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The Art of
Quilt-making, Part 5 --
Marking the Quilt Top
by Mary Asper, Green Mountain Designs
A Seasoned Quilter
Shares Her Tips
In this article, Mary Asper of
Green Mountain Designs shares her tips for successful
quiltmaking. Although it is written especially for the beginning
quiltmaker, even more experienced artisans may find valuable
information. See Part I, Part II, Part
III, and Part IV for more
Make sure the marker you use is safe!
There has been much controversy about which
marker is the best to use for marking the quilt top. Follow these
tips, and you will do just fine!
- Avoid using the fade-away markers; the
ones that you do not need to remove the ink from the
quilt top. These have been known to return as ugly brown
lines on quilts and the lines are not removable!
- If you use the wash-away markers, be
sure to completely wash the quilt with soap when you have
finished quilting. This should avoid any future visits
from unwanted quilting lines!
- To be absolutely safe, mark with chalk
or soft lead pencil.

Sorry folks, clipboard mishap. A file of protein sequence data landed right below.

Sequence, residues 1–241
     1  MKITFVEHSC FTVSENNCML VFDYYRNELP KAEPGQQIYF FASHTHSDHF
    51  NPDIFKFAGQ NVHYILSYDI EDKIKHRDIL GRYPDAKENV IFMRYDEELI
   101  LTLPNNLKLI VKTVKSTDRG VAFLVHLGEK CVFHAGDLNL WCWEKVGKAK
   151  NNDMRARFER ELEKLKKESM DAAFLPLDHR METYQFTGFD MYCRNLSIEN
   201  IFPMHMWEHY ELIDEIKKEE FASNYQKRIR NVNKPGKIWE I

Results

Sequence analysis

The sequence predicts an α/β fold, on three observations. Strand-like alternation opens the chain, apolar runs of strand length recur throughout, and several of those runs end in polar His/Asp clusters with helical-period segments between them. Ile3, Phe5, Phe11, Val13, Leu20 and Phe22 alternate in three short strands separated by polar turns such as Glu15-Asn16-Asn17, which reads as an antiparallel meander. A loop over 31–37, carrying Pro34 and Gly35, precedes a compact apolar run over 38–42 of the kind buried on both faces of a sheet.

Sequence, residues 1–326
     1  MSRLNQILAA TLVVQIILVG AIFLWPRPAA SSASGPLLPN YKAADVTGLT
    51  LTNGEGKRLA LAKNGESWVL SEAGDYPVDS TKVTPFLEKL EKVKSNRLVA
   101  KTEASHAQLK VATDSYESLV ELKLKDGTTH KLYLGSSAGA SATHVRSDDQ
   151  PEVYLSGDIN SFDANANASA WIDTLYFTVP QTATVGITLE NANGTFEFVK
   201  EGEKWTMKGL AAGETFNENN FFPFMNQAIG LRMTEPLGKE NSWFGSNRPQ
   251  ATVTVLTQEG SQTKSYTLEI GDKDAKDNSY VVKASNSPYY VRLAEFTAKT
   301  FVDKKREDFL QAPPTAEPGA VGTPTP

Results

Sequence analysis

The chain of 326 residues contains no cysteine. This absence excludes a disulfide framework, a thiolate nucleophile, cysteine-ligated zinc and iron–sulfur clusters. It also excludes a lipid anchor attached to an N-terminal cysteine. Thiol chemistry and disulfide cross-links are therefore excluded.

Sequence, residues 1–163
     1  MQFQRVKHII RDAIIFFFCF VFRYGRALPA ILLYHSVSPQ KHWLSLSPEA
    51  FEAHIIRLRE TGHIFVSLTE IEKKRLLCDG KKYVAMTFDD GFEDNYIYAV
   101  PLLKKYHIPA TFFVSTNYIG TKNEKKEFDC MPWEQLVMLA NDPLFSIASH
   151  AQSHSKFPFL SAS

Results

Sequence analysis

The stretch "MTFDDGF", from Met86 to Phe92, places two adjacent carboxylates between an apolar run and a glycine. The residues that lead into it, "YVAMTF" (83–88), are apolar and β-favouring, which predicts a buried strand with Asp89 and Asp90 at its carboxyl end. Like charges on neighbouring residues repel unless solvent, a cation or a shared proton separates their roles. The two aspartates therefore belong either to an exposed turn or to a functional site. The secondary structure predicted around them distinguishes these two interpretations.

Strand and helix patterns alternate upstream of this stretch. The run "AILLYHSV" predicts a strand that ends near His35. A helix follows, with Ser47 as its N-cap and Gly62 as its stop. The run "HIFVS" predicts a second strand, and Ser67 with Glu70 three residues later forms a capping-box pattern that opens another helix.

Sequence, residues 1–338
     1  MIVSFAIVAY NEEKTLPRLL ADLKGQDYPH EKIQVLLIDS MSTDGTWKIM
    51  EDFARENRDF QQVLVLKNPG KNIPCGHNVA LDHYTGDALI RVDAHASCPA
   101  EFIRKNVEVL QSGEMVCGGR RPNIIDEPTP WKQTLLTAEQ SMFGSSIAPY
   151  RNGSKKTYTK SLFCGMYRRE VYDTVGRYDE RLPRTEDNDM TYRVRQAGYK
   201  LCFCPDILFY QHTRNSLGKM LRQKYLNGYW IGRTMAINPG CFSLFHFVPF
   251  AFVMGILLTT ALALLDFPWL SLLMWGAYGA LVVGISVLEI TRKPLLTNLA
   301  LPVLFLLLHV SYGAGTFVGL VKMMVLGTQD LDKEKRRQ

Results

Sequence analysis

- My favorite marker is called
the Quilters Ultimate Marking Pencil. This
is a fine, soft lead pencil. I find it very
effective, even for intricate designs.
- A second favorite is Clover
chalk pencils, with changeable heads in several
colors. These contain just a little wax, which
helps the chalk to adhere to the fabric but does
not leave a line once youve washed the
- For small areas or designs (where you
can mark a little quilt a little mark a
little and so on
) use a chalk-filled muslin bag.
These are sole commercially as Pouncers or you can make
your own. Using a quilting stencil, you dust chalk from
the bag over the stencil to mark the quilting lines. The
chalk brushes away quickly, however, so this method is
not for intricate quilting!
- There are products called
Quilt-A-Peels that are stick-on templates for making
quilting lines. They work well unless you leave
them on the quilt for a long time! If left too long, they
leave sticky residue behind. If you use these, stick one
on just before you quilt that area and remove it as soon
as the quilting is finished.
- A few companies now offer a soft,
tearable fabric much like interfacing which is pre-marked
with the quilting lines. You pin or baste this fabric to
your quilt top and machine or hand quilt along the lines
fast, accurate and easy!
Any of these methods will help you
successfully mark your top for quilting.
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